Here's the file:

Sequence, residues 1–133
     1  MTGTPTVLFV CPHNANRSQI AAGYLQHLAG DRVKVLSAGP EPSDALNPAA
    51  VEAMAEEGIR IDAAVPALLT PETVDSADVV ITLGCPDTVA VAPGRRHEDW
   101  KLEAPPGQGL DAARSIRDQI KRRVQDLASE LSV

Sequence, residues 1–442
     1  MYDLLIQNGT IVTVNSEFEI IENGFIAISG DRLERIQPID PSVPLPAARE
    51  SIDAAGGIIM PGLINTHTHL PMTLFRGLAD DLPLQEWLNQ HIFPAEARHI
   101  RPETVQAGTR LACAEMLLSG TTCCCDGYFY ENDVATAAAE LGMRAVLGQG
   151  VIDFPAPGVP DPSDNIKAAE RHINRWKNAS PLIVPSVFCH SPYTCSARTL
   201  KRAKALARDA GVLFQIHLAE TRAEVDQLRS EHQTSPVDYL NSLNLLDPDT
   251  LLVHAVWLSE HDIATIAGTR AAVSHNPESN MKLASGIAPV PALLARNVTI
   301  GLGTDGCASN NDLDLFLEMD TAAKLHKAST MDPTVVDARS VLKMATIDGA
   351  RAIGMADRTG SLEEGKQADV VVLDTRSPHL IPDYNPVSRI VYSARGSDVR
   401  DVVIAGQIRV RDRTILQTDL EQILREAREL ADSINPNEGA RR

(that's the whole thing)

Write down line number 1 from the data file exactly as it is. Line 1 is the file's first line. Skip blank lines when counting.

Sequence, residues 1–133